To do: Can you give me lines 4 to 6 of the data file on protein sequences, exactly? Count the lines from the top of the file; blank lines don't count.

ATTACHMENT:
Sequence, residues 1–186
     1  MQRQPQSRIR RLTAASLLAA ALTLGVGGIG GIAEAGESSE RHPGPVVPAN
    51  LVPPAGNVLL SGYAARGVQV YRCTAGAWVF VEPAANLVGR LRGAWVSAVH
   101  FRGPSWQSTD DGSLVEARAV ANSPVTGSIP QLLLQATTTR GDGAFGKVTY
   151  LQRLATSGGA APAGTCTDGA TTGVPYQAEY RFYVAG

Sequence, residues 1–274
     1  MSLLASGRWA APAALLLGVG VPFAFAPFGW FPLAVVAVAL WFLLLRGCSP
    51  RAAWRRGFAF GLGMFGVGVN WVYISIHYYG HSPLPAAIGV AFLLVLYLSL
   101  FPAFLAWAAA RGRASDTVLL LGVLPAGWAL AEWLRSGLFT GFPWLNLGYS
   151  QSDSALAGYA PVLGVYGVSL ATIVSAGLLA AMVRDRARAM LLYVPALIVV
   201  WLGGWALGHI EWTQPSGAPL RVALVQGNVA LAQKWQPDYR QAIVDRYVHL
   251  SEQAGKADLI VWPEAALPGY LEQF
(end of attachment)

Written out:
   101  FRGPSWQSTD DGSLVEARAV ANSPVTGSIP QLLLQATTTR GDGAFGKVTY
   151  LQRLATSGGA APAGTCTDGA TTGVPYQAEY RFYVAG

Sequence, residues 1–274